July 8, 2015
Some of us may be active in online discussion forums around personal and professional interests, some may require our students to actively participate in online discussions with their peers – and some of us may do both, and some may do neither. Discussion forums are challenging in that, just like email, you can’t accurately “read” a facial expression or voice inflection. Synchronous online discussions can be challenging to follow and to participate in, depending upon your typing skills. Asynchronous online discussions can be choppy and take longer than we are willing to wait for a response. The timing, the format, the flow… all are properties that challenge us when engaging in online communications.
And then, there is the challenge of selecting the correct platform to utilize. When connected to a university course, most of us will use the built-in discussion tool with our course management systems. Edutopia has an excellent document that reviews online discussion board facilitation to strengthen the experience for all involved. But what about the other options that exist for professional exchanges through the internet?
I’d like to share an experience I recently had doing a scheduled online chat with the Society of Exploration Geophysicists (SEG) Wiki team with the platform Muut. Muut defines themselves as “the quickest and lightest forum and commenting platform designed around user experience. Unlimited traffic and users, for free.” (see the Muut Manifesto to learn more, or view this video) The SEG Wiki team uses Muut for bi-monthly chats about their geology and applied geoscience-focused wiki. I have students working on developing new pages for the SEG wiki this summer, and I was happy to be the guest for the June 30th chat to discuss educational technology and ways to keep connected in the geosciences.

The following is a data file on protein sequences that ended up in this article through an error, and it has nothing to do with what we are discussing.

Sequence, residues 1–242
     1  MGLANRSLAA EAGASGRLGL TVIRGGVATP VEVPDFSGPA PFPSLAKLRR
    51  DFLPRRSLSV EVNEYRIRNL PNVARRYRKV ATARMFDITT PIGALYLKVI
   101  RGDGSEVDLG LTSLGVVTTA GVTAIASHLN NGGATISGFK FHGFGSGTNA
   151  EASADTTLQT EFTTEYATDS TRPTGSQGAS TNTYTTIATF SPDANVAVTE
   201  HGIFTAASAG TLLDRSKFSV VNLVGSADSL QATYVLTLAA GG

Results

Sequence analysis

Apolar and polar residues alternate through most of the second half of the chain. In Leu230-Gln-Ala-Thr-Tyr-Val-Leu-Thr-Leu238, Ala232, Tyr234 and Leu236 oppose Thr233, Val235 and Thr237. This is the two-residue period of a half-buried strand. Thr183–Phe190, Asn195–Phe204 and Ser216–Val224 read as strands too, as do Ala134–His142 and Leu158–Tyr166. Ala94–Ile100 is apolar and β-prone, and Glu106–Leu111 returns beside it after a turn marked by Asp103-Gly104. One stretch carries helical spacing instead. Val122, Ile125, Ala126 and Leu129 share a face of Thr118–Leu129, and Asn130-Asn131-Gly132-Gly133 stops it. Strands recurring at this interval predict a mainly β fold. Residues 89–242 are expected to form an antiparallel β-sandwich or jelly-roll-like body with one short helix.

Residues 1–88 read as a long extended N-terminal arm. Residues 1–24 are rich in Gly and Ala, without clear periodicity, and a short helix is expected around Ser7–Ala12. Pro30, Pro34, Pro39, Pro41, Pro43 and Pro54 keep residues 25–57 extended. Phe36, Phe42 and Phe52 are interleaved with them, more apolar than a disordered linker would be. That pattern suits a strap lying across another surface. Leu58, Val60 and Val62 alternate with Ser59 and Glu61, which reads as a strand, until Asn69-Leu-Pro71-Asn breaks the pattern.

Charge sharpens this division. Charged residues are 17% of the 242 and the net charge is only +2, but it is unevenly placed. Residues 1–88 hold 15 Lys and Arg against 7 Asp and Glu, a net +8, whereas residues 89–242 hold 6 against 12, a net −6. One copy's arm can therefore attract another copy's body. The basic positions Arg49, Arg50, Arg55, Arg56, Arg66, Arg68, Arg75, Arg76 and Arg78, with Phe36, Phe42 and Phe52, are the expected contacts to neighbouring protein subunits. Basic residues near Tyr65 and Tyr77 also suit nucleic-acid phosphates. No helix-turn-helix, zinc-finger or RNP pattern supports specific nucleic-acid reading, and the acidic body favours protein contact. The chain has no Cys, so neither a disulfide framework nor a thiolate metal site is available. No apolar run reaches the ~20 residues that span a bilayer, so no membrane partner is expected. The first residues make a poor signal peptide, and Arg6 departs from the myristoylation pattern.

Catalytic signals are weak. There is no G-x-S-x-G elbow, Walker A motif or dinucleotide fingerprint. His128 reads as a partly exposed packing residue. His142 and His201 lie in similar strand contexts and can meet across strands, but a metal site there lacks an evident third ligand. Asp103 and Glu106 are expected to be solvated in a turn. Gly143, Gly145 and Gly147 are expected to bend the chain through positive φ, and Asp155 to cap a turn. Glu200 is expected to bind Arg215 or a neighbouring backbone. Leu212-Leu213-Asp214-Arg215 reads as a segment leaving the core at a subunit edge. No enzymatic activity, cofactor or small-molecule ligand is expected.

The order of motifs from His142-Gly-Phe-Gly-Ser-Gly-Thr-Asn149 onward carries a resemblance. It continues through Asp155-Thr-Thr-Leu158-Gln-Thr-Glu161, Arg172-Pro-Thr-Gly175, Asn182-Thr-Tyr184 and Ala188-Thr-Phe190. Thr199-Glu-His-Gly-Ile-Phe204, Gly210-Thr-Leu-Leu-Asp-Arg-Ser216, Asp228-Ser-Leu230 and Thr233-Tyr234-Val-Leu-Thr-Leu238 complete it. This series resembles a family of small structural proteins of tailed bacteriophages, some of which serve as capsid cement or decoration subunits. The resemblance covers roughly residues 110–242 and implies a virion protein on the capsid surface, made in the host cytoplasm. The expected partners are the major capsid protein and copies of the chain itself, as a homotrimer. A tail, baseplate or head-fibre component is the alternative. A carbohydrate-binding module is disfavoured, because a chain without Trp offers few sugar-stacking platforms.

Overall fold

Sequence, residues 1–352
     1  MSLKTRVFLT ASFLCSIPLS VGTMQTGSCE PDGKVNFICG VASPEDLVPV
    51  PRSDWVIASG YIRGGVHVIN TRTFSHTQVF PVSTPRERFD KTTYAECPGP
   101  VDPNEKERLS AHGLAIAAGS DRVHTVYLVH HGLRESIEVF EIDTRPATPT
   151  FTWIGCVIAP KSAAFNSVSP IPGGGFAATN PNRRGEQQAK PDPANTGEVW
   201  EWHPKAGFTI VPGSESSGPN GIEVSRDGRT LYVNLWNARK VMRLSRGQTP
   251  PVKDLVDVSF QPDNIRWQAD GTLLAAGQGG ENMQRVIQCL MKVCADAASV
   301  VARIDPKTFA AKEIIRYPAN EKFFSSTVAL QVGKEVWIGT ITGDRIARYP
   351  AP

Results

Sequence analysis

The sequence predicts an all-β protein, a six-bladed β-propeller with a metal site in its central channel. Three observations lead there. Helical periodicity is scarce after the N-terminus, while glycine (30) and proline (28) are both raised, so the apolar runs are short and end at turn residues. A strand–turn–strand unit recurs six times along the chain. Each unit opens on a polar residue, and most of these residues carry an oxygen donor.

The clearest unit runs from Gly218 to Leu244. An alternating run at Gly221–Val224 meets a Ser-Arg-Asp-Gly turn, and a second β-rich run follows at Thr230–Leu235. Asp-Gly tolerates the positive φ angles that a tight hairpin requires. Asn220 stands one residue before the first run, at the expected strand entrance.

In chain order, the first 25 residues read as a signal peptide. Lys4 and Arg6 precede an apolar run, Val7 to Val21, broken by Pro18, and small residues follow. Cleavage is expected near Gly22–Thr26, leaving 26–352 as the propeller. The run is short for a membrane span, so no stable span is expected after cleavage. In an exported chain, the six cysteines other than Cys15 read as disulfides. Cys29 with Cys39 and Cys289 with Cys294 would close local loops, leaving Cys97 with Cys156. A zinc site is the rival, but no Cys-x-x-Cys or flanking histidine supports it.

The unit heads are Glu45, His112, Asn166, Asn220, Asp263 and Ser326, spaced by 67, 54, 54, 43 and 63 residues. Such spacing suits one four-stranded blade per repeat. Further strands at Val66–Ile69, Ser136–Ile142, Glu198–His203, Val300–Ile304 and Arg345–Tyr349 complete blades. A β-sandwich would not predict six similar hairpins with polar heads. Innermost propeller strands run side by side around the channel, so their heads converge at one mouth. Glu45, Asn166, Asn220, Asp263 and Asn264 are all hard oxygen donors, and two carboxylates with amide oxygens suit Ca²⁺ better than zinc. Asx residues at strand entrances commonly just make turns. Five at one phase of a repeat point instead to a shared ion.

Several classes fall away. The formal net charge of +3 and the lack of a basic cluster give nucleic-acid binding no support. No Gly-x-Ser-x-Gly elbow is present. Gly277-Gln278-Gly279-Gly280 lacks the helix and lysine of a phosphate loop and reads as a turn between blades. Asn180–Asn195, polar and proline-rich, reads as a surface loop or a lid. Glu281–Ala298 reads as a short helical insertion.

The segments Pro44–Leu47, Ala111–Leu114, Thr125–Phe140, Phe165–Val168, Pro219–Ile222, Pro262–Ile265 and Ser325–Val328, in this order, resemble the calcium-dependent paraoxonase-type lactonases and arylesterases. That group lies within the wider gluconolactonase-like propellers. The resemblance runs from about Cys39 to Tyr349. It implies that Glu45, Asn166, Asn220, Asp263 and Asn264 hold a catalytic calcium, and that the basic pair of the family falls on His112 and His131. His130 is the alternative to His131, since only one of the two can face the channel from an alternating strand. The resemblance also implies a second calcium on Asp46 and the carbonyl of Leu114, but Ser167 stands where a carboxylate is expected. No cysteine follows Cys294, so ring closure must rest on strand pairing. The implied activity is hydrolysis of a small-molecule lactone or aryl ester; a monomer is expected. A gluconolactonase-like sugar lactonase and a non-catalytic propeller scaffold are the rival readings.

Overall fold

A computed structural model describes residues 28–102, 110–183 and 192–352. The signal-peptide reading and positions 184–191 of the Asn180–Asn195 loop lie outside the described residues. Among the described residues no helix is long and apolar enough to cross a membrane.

Anyone could log in with their Facebook or Google+ credentials to participate in the chat and post questions. Not logging in still allowed people to view the live chat and go through the archive. I was thankful Isaac Farley (SEG Digital Publications Manager) and Andrew Geary (SEG Wiki Manager) emailed me a list of questions ahead of time that they planned on asking, so I could formulate and type up my responses before the chat began. Having the questions ahead of time helped me feel confident and prepared going in to the live chat, but it also meant keeping open my MS Word document with my pre-written responses and a browser window with the chat during the session. I also had to keep an eye on the questions being asked of me, as some of the questions were skipped and jumped in order (which would happen in a normal conversation, so I should have expected this), which meant I had to copy-and-paste the correct responses into Muut!
Despite my desire and vision for a structured interview, I really enjoyed and appreciated the questions that came in. Again, my fast typing skills were tested, but having questions asked of me, as I’ve captured in this screenshot, provided an opportunity to discuss a topic that was clearly important to and on the mind of the online participant. I was surprised at how fast the one-hour chat went by, and how I enjoyed the experience more than I thought. I would absolutely do an online interview/chat again, and I encourage others to think about using Muut or whatever platform you prefer to connect with colleagues and do some Earth science outreach.
My full chat is archived online at: https://muut.com/segwiki#!/segwiki:segwikichat-30-june-2015/.
For those that are interested in viewing or participating in a chat with Muut, a listing of future dates/topics for the SEG Wiki chats can be found at: http://wiki.seg.org/wiki/Wiki_chat.